The Evolution of HDMI

HDMI cables are an essential part of our everyday lives; we use HDMI to connect just about all of our home entertainment products. In fact, no one is really sure how we all survived before the days of HDMI. But, of course, HDMI has gone through its own evolution over the years. Although you may not realize it, HDMI cables have changed as audio/video standards changed. In fact, HDMI's ability to adapt to new resolution needs has helped it remain the standard in audiovisual data transfer for so long. There have been 5 updates in the HDMI standard since its initial release.


HDMI 1.0


The first release of HDMI was in 2002 (yes, 20 years ago!) and offered a tremendous breakthrough by allowing the transfer of both video and audio over a single cable. We all know that this quickly transformed home entertainment cabling. HDMI 1.0 allowed for data transfer up to 4.95 Gbps with a video resolution of 1080p at 60 frames per second. It could also transfer 8 channels of 192kHz/24-bit uncompressed audio. This was sufficient for playback of any standard Blu-ray video and audio content.


HDMI 1.1/1.2


The next HDMI updates were admittedly not that exciting, but made HDMI more versatile. HDMI 1.2 supported DVD audio, YCbCr color space, as well as low voltage sources like PC video cards using PCI Express. This update also brought the Type A HDMI Standard connector that we all know and love. This 19-pin connector is now found on almost all gaming consoles, TVs, computers, DVD players, monitors, projectors, or any electronic device able to transfer audiovisual data.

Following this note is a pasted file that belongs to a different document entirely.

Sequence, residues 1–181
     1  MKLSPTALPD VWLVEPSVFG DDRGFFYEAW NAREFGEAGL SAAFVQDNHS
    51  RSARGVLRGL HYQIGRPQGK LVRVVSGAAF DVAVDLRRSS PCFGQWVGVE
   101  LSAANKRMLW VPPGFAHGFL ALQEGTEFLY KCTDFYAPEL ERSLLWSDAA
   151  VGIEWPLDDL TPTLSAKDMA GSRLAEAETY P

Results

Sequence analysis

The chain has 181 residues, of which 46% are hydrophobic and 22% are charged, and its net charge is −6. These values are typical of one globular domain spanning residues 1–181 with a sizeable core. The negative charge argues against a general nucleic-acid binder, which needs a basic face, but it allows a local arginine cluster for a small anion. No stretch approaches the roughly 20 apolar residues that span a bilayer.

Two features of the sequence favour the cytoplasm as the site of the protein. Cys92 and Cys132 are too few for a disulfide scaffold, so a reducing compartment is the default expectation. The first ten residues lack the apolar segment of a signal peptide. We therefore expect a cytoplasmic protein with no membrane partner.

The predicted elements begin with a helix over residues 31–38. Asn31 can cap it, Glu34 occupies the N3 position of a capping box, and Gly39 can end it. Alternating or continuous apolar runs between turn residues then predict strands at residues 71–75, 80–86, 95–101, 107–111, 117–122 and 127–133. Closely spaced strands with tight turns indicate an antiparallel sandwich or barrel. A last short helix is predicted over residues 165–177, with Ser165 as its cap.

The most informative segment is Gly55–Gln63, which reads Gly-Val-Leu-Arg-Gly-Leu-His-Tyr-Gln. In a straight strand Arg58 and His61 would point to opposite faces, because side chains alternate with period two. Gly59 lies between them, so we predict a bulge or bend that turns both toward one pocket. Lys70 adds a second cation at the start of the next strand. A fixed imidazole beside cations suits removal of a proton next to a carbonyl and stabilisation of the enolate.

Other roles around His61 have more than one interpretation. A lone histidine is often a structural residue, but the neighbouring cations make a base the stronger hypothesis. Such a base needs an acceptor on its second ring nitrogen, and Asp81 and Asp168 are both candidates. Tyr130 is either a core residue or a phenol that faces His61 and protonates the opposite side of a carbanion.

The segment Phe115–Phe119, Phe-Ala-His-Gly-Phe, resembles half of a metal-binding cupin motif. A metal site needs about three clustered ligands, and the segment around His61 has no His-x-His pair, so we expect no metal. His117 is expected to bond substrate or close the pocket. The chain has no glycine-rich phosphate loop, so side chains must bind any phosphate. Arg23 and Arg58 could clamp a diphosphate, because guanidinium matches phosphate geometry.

HDMI 1.3/1.3a


The HDMI 1.3 update markedly increased the bandwidth capabilities to 10.2 Gb per second. This may not seem important, but can make a big difference when it comes to high resolution, data-packed content that needs to stream seamlessly. This update also increased color depth to up to 16-bit per channel, also known as "Deep Color". It also added xvYCC color space support, and support for Dolby TrueHD and DTs-HD Master Audio formats. The HDMI Mini Type C connector was also released with HDMI 1.3 which is used on many small devices such as videocameras.


HDMI 1.4/1.4a


This update added support for HDMI Ethernet Channel, or HEC. It also increased video resolution capabilities, allowing for transfer of 3840 x 2160 at 30Hz and 4096 x 2160 at 24 Hz. HDMI 1.4 also added the Audio Return Channel, or ARC, and saw the release of the HDMI Micro Type D connector used in mobile phones.


HDMI 2.0


In 2013, the HDMI 2.0 update was released, which increased the major data transfer capabilities of HDMI. The total bandwidth was increased to 18 Gb per second, video resolution went up to 4K at 60 Hz, and support for 32 audio channels was added. HDMI 2.0 also added 8b/10b signal encoding and support for ultra-wide 21:9 cinema aspect ratio.


HDMI 2.1


The current update is HDMI 2.1, which was released in 2017. HDMI now supports data transfer up to 48 Gb per second and resolutions up to 10K at 120 fps, dynamic HDR, Display Stream Compression (DSC) 1.2a, and Enhanced Audio Return Channel, or eARC.